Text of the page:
“What is the secret of success. Right decisions.” – Abdul Kalam
These days, more and more Salesforce professionals are becoming Salesforce contractors. Their reasons for doing so vary, from increased flexibility to the potential for higher earnings. The decision to step into the contracting world requires careful consideration of both the pros and the cons. In this blog we’ll be looking at these aspects of contracting and how to decide whether contracting is for you. So, let’s get started…
As a contractor, you’re able to work on what you want, when you want. This means you’re also able to focus more on projects that most interest you. And are less obliged to work those that don’t. For many Salesforce contractors, this is one of the main reasons for becoming a contractor. They want to work on projects they enjoy. As a contractor, you’re also your own boss. This means less micro-management and more autonomy, which studies have shown is something that appeals to many people.
However, many people entering into contracting, don’t realise the effort that can go into finding their next project. Selling your skills and ability is a must for all contractors, but not necessarily a strength. Thankfully this is where recruitment specialists, such as Resource On Demand, come into play. As Salesforce recruiters, they will be able to let you know of contract positions that are coming available, that match the kind of projects you wish to work on.
In terms of job security, contracting is usually the less secure option. For instance, most contract assignments can be terminated at short notice, which is great for a company if they need to suddenly cut spending, but not so great for you. You may also find yourself without work in between assignments, so having savings tucked away to take you through this period is very important.
And contrary to popular belief that the contract world is more resilient to economic change, it is in fact affected just as much as the permanent sector. And during the last recession of 2008, we witnessed first hand, swathes of contractors rejoining the permanent workforce, as contract roles were in short supply.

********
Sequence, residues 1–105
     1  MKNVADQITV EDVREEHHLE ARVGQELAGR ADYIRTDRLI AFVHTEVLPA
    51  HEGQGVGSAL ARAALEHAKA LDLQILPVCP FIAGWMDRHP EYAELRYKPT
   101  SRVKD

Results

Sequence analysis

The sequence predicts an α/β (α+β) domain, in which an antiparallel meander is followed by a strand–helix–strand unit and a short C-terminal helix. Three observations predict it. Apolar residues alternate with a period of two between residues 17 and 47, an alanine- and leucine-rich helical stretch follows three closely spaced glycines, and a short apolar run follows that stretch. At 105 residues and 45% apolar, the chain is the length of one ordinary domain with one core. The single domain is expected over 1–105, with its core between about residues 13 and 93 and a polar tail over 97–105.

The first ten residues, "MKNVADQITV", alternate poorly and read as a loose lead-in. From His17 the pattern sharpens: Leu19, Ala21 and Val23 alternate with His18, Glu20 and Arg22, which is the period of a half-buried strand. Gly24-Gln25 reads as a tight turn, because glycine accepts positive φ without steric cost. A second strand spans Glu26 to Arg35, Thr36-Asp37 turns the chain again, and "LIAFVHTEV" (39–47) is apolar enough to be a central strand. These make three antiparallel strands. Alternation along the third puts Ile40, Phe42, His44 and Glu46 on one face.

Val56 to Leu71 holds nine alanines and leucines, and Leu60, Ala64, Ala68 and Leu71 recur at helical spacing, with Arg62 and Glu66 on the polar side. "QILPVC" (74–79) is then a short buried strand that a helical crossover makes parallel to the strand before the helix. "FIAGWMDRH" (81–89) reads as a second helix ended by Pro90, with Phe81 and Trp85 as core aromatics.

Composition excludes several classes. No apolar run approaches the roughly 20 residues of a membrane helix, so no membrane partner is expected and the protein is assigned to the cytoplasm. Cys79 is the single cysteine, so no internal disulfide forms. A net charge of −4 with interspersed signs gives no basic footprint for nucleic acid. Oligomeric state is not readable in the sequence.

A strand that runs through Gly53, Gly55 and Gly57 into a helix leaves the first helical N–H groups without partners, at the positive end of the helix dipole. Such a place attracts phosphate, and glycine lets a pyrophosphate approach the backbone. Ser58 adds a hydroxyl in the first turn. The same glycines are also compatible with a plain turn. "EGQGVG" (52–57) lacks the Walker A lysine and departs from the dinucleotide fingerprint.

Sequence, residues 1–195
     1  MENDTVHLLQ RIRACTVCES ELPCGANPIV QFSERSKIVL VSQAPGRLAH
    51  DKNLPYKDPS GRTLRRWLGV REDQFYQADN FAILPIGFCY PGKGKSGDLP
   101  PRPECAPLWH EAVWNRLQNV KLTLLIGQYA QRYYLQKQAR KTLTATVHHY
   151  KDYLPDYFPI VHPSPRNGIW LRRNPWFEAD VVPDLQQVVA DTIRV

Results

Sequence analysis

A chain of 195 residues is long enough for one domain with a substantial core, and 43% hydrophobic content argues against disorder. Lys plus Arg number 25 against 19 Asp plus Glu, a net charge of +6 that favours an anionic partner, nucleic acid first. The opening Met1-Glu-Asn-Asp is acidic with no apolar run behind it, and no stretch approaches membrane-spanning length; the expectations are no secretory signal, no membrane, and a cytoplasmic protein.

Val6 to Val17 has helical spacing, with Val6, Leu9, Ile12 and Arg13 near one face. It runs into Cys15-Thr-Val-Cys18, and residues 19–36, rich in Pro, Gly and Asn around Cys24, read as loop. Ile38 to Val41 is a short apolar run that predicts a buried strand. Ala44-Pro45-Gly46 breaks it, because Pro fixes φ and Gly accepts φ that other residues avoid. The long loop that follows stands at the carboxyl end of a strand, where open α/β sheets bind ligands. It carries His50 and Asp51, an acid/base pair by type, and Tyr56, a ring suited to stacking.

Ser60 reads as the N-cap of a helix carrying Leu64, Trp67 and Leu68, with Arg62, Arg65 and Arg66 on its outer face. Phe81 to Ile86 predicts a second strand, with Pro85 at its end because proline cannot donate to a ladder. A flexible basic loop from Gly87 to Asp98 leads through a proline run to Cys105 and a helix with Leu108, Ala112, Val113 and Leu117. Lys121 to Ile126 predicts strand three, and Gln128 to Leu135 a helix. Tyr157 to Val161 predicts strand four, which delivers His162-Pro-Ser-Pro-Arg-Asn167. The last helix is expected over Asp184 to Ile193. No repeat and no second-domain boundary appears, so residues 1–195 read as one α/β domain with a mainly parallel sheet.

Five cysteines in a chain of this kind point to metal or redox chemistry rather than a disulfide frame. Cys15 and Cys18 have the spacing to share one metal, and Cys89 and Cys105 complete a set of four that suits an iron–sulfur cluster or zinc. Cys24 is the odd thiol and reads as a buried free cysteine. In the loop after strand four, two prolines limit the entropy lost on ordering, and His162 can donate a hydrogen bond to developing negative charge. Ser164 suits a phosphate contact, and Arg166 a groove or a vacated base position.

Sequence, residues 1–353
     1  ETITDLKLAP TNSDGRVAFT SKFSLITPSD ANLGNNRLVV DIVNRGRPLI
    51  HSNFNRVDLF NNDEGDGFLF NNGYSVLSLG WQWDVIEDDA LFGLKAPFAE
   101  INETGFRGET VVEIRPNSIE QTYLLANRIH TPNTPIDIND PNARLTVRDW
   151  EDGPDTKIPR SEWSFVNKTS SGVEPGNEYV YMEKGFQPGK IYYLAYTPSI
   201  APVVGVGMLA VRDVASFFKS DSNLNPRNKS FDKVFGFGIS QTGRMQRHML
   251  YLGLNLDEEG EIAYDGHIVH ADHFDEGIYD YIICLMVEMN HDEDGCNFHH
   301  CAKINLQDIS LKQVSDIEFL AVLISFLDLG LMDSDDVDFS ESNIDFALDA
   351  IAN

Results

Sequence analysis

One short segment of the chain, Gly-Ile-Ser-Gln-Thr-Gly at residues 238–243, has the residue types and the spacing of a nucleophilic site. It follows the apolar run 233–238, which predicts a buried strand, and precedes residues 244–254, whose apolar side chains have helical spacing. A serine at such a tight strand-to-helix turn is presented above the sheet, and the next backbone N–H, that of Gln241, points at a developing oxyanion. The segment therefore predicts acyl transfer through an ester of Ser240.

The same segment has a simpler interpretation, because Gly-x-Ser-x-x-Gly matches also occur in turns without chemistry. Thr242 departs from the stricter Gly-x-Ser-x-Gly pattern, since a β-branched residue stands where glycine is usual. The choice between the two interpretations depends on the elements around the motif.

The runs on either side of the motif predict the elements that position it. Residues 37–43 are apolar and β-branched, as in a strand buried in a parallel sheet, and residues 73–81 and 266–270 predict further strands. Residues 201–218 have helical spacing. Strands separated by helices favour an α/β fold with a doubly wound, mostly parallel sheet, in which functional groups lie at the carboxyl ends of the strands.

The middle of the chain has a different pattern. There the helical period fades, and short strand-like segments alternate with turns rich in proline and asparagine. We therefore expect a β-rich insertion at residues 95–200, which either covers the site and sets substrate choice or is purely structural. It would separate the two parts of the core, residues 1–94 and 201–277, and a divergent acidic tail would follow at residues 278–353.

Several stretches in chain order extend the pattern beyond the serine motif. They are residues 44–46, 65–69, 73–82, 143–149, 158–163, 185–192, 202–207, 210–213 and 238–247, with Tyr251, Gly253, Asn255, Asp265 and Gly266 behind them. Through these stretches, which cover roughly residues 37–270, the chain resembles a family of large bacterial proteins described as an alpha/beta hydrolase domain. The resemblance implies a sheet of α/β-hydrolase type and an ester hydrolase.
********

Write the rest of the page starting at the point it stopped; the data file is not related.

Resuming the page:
Money is a big driver when Salesforce professionals first consider going in to contracting. Salesforce contractors on paper seem to have a higher earning potential compared to their permanent counterparts. However, this is largely in part because they are responsible for their own Income Tax and NI contributions; the cost of accommodation, if they have to stay away if the contract is not a commutable distance; plus supplying their own equipment and professional insurances.
Plus they also need to consider that they will not be given paid time off for sickness and holidays. On the flip side, they can also take sabbaticals or extended holiday in between contracts, so have more flexibility than permanent employees.
Contractors very rarely have the same access to training and skills development that permanent employees have. So any career development and training are usually self-funded by the individual. On the plus side, Salesforce contractors have demonstrated that they can increase their skills quickly by working a variety of projects within different industry sectors.
So whether you think contracting is on the cards for you, make sure that you explore all the pros and cons before you break away and ensure that you have some contingency planning in place first.